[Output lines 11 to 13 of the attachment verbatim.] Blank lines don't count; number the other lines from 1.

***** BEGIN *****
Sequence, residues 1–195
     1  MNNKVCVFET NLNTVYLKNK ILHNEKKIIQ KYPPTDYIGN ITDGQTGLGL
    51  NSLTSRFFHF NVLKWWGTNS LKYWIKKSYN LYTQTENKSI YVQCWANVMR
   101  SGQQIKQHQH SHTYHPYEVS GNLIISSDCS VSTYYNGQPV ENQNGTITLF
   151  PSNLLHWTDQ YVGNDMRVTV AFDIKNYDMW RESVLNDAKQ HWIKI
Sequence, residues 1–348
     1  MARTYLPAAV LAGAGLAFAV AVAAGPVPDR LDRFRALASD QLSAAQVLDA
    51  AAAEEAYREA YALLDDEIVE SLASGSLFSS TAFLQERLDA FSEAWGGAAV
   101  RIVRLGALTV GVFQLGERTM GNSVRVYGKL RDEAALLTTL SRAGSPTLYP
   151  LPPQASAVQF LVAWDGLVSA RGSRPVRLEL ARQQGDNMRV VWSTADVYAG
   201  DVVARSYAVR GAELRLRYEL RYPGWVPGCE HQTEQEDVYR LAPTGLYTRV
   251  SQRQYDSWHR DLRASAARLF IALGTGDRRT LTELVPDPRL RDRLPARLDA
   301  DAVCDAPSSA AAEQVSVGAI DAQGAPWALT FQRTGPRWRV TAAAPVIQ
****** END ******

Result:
   201  DVVARSYAVR GAELRLRYEL RYPGWVPGCE HQTEQEDVYR LAPTGLYTRV
   251  SQRQYDSWHR DLRASAARLF IALGTGDRRT LTELVPDPRL RDRLPARLDA
   301  DAVCDAPSSA AAEQVSVGAI DAQGAPWALT FQRTGPRWRV TAAAPVIQ